Performers YaliniDream (left) and Kelly Zen-Yie Tsai (right) act out a scene in which their characters pray to Mary Magdalene, portrayed by Adeeba Rana (center) during the "Say You Heard My Echo" event. Photo-illustration by Daniel Green.
Performers YaliniDream (left) and Kelly Zen-Yie Tsai (right) act out a scene in which their characters pray to Mary Magdalene, portrayed by Adeeba Rana (center) during the “Say You Heard My Echo” event. Photo-illustration by Daniel Green.

Picture Ground Zero. A chain link fence strewn with teddy-bears, cards, flowers and records contrasts the dark blockade of a construction site, with soft whites and bright reds attempting to bandage the damaged scenery. A buzz of impatient commuters and diligent workers fills the scene until an interruption by three enchanting voices. Together, they say:

“In the city that never sleeps, we’ve got no time for memorial poems.”

One of these voices belongs to Kelly Zen-Yie Tsai, a Chinese-Taiwanese American writer and artist from New York. Alongside her are performing partners Adeeba Rana and YaliniDream.

Tsai presented her three-act play “Say You Heard My Echo” at the Stevenson Event Center on April 13 through the Cultural Arts and Diversity Resource Center, Student Union Assembly and Rainbow Theater. The show was produced by Tsai’s associates from Moving Earth Productions, the Asian-American Arts Alliance and director Jesse Jou.

The show explores the impacts of 9/11 on three fictional Asian-American women living in New York City a decade later. Their struggles with survivorship and faith prompt them to call upon three female religious icons: Mary Magdalene, Guan Yin and Aisha. The women undergo separate transformations as the years following 9/11 prompt change in their political, social and personal lives. The ever-present female religious figures act as mirror representations of the characters and help facilitate their fulfillment, guidance and enlightenment.

Tsai, who grew up in the culture of poetry slams in Chicago, has been able to take her love for spoken word around the world to places including Trinidad and China.

“Spoken word poetry at its very best allows people’s authentic stories, relationships to language and rhythms to shine through [in] a unique, culturally specific way,” Tsai said.

Act One illustrates the damaging effect of monotony and silence — a Catholic burlesque dancer’s survival mutes her expressiveness until she becomes immersed in the anti-war movement. The second act chronicles the unsettling downward spiral of a Buddhist Iraq War veteran and hip-hop emcee who suffers from post traumatic stress disorder upon her return home. The final act addresses the issue of families burdened by detention and interrogation as a Muslim librarian struggles to stay connected to her grandfather. Themes such as the fight for cultural pride and struggle for survival occur throughout the play and serve as a primary focus to connect these three female characters to their respective religious icons.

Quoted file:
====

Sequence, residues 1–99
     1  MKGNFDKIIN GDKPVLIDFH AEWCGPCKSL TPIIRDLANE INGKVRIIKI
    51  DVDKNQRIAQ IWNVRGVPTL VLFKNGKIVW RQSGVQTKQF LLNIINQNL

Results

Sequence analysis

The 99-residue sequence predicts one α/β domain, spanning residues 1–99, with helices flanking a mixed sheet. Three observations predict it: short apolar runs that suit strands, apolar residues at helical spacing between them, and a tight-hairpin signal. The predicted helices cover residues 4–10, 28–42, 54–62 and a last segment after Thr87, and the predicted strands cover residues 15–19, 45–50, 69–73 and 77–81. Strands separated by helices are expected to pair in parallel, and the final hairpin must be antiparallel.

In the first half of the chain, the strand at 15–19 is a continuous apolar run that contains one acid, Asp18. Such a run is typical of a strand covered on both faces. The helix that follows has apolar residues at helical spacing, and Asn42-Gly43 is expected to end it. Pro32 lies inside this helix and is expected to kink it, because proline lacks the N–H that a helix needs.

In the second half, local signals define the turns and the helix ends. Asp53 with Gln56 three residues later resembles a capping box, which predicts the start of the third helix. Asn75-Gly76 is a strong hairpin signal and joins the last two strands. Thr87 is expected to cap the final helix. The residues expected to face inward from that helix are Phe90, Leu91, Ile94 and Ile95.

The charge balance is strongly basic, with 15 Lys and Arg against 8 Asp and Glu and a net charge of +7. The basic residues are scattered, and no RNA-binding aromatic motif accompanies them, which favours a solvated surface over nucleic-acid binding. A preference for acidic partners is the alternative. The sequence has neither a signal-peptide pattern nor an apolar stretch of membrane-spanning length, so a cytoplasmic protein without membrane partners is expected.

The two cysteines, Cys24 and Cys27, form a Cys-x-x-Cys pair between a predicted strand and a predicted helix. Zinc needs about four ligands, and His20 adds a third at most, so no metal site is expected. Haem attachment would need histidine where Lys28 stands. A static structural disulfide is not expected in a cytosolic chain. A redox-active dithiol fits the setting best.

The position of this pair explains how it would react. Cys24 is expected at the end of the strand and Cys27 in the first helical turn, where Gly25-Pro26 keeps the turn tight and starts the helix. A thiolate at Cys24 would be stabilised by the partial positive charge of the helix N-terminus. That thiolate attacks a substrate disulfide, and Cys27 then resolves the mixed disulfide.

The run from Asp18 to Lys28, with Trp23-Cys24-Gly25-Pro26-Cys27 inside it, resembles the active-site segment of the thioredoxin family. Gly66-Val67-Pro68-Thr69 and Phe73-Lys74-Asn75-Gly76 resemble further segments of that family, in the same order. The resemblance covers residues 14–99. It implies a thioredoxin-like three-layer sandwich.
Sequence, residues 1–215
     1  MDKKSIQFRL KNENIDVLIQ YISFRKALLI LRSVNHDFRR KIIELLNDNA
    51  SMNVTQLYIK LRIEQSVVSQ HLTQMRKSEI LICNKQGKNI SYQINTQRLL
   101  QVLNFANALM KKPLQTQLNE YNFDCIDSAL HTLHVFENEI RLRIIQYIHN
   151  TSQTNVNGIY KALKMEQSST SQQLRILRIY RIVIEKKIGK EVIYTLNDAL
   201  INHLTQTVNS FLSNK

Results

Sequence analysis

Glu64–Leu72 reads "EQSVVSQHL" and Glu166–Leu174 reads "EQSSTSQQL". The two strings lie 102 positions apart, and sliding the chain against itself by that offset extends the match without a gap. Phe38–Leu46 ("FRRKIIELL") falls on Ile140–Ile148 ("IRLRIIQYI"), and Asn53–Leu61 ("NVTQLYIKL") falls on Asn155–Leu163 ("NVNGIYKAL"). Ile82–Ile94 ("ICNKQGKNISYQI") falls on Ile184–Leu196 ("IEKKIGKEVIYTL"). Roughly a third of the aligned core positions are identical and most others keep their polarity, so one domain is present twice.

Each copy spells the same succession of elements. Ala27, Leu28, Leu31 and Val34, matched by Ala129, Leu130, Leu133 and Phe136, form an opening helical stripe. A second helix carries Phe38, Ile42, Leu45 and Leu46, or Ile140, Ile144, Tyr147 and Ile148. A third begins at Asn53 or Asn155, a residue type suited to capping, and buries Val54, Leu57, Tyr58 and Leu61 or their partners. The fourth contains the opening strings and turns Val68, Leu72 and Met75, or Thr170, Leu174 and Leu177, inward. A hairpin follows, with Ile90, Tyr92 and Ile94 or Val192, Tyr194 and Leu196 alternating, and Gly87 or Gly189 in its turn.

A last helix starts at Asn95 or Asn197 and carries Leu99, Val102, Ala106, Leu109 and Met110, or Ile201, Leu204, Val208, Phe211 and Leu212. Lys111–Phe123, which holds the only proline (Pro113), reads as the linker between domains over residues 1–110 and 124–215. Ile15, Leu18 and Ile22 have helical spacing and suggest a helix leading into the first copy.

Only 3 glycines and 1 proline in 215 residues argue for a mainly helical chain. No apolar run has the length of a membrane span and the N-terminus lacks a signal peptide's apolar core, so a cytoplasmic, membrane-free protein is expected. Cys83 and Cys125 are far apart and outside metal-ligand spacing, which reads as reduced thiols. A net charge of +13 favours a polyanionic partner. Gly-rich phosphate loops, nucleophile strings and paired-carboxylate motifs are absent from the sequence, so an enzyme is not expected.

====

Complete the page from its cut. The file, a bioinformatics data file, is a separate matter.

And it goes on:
“I was playing guitar … and heard the words ‘say you heard my echo,’ then I saw an image of a woman being pursued by Mary Magdalene in New York City,” Tsai said.

Tsai’s goal is to show the depth of the experiences that marginalized groups undergo, with special investment in the personal aspects of her identity as a woman who is Asian-American.

“‘Say You Heard My Echo’ shows the breadth and depth of my own humanity through the work that I do … The honesty resonates with people far beyond myself,” Tsai said.

After the third act, the women came together just as they did in the introduction. Their presence together was representative of the power in diversity among different cultures as they brought restoration and healing and beckoned for action in unison, “Silence is never silent. All we have is time for renewal. Say you heard my echo. Say you heard my call.”

After the show, Don Williams, the director of Cultural Arts and Diversity at UCSC addressed the audience about the significance of a valued community through performing arts.

“Our goal is to receive a variety of scripts that deal with many cultures and there’s a lot of cultures that are never written about,” Williams said.

Williams is engaged in the ongoing production process of performances that celebrate diverse cultures.

“We here at the UC, especially Rainbow Theater, are always looking to seek Asian-American one-act plays,” Williams said.

“Rainbow! Rainbow!” echoed supporters in the crowd.

The previously barren stage found its emptiness overwhelmed by the powerful presence of everyone involved as a unified body. The performers of “Say You Heard My Echo” were surrounded by the embrace of laughter and liveliness by the student communities of Don Williams and the students of Cultural Arts and Diversity Resource Center, Student Union Assembly affiliates, and performers from Rainbow Theater.

“No matter how we feel on a given day, we’re never as spiritually or emotionally alone as we may feel,” Tsai said.


To follow Kelly Tsai’s performances and material visit